A large study of 21,000 randomly selected people in the north east Jilin Province, published in the online journal BMJ Open, found the regular intake of meat and alcohol, having ever been married, and getting less than seven hours sleep a night were all associated with a heightened risk.
Obesity and its health implications is a hot topic in China, with rapid economic growth leading to the adoption of dietary habits and lifestyle choices that are associated with growing levels of obesity in developed nations.
Several recent studies have found the Chinese diet has increasingly become high in fat and energy density, and low in dietary fibre.
The researchers therefore wanted to find out the prevalence of obesity/overweight in a densely populated area of China—Jilin Province has a population of 27m—and uncover trends that might inform future health policy.
All participants completed a detailed questionnaire on lifestyle factors and underwent a physical examination.
More males obese
To take account of the Chinese physique, obesity was classified as a BMI of 28 while overweight was classified as a BMI within the range of 24 to 27.9.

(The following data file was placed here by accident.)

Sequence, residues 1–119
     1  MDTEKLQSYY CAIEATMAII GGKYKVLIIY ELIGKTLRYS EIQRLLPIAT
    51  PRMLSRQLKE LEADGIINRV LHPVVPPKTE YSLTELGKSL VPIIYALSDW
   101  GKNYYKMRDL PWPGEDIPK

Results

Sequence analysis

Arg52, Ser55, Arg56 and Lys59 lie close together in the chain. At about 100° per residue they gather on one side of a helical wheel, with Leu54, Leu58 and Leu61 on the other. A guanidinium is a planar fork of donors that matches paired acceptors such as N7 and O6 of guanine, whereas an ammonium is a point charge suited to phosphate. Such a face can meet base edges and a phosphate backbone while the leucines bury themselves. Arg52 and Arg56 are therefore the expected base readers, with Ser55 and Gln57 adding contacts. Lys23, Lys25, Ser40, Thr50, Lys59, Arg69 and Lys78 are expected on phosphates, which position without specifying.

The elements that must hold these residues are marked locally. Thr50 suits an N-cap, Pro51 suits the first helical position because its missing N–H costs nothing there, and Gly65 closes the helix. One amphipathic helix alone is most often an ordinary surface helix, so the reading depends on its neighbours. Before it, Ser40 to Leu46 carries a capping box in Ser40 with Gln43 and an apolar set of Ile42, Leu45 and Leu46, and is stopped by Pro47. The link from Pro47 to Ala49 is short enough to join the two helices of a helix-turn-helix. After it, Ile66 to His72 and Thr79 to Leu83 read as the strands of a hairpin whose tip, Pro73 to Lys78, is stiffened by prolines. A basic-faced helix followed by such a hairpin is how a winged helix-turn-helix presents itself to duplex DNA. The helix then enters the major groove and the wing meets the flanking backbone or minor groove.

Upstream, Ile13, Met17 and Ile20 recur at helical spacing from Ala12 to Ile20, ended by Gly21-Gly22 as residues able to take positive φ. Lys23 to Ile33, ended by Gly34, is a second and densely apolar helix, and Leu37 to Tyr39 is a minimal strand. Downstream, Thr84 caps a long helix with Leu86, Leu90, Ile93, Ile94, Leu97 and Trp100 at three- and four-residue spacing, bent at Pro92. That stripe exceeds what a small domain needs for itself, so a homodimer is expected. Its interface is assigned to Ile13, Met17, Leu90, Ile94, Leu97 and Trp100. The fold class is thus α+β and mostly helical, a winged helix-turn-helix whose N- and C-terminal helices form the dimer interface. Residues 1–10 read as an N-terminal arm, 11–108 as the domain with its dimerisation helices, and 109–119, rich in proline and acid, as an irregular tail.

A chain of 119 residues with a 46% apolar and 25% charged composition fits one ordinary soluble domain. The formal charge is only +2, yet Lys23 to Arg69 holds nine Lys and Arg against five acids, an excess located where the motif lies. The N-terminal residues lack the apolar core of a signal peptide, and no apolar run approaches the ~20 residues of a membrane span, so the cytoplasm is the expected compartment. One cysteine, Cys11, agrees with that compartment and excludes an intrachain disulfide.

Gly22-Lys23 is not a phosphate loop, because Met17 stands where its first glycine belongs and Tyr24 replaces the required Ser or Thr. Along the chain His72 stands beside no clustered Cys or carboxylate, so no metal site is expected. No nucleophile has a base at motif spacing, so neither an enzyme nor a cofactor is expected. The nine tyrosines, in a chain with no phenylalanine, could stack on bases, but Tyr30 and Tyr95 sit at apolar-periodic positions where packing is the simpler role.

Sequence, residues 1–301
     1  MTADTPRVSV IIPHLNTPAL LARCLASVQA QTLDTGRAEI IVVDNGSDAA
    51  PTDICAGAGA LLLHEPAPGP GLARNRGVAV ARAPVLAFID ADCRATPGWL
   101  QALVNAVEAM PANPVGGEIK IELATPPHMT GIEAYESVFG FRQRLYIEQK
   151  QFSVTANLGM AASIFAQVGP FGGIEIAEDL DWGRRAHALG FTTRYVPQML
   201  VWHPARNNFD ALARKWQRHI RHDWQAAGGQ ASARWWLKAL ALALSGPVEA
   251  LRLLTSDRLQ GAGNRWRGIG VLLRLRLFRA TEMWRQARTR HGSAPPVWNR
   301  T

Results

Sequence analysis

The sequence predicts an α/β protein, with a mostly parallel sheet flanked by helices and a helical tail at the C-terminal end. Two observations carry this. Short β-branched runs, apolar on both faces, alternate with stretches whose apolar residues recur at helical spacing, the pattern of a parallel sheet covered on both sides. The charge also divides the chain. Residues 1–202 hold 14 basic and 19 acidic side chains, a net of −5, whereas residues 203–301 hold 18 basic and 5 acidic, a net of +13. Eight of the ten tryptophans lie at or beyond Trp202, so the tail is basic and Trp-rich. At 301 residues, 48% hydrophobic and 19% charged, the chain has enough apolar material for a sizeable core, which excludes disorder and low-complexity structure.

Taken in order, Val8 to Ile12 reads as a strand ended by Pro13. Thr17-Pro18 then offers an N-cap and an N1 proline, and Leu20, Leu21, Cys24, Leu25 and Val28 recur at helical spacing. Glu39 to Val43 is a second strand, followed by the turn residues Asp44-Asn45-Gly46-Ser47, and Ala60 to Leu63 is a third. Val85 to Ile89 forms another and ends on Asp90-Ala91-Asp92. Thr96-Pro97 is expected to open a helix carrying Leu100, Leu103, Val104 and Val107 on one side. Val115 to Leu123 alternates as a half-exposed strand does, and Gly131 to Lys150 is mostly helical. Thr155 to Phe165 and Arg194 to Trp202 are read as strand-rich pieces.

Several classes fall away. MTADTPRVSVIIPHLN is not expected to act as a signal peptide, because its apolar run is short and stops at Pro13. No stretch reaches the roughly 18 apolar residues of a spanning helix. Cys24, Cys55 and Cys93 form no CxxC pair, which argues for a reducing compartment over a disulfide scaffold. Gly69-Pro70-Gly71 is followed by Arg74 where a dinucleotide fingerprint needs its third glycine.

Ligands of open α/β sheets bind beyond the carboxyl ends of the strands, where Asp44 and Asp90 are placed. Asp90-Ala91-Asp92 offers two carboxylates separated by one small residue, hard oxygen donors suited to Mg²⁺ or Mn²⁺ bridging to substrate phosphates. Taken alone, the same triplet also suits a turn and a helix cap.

Researchers found that more men than women were overweight and obese.
One in three of the participants (32.3%) were overweight (men 34.3%, women 30.2%) while one in seven (14.6%) were obese (men 16.3%, women 12.8%).
Among men, the prevalence of overweight and obesity peaked at ages 45-54, and at the ages of 55-64 and 65-79 respectively for women.
Risk factors included marriage, with people who had been married at any stage in being 44% more likely to be overweight/obese than those who had never married.
People who drank alcohol regularly were 11% more likely to be overweight/obese than those who never or rarely drank, while those who ate meat regularly were 47% more likely to be overweight/obese than those who ate a predominantly vegetarian diet.
Public health problem
Obesity was also more common among those who slept less than seven hours a night.
While the researchers stressed these findings were restricted to one province, they added: "Overweight and obesity have become a major public health problem in China, although the prevalence of obesity is lower than in developed countries. And there is no doubt that the rapidly increasing occurrence of overweight and obesity in China will continue to increase the prevalence of chronic diseases," they warn.
These findings follow a separate 29-year study of 28,000 students in Shandong province, published in April, which found that 17% of boys and 9% of girls under the age of 19 were obese in 2014, up from 1% for each in 1985.
The study, published in the European Journal of Preventive Cardiology, concluded that China's rapid socioeconomic and nutritional transition had led to an increase in energy intake and a decrease in physical activity.
“This is the worst explosion of childhood and adolescent obesity that I have ever seen," Joep Perk from the European Society of Cardiology told AFP news agency at the time.
Source: BMJ Open 2016
“Prevalence of overweight and obesity and some associated factors among adult residents of northeast China: a cross-sectional study”
Authors: Rui Wang, et al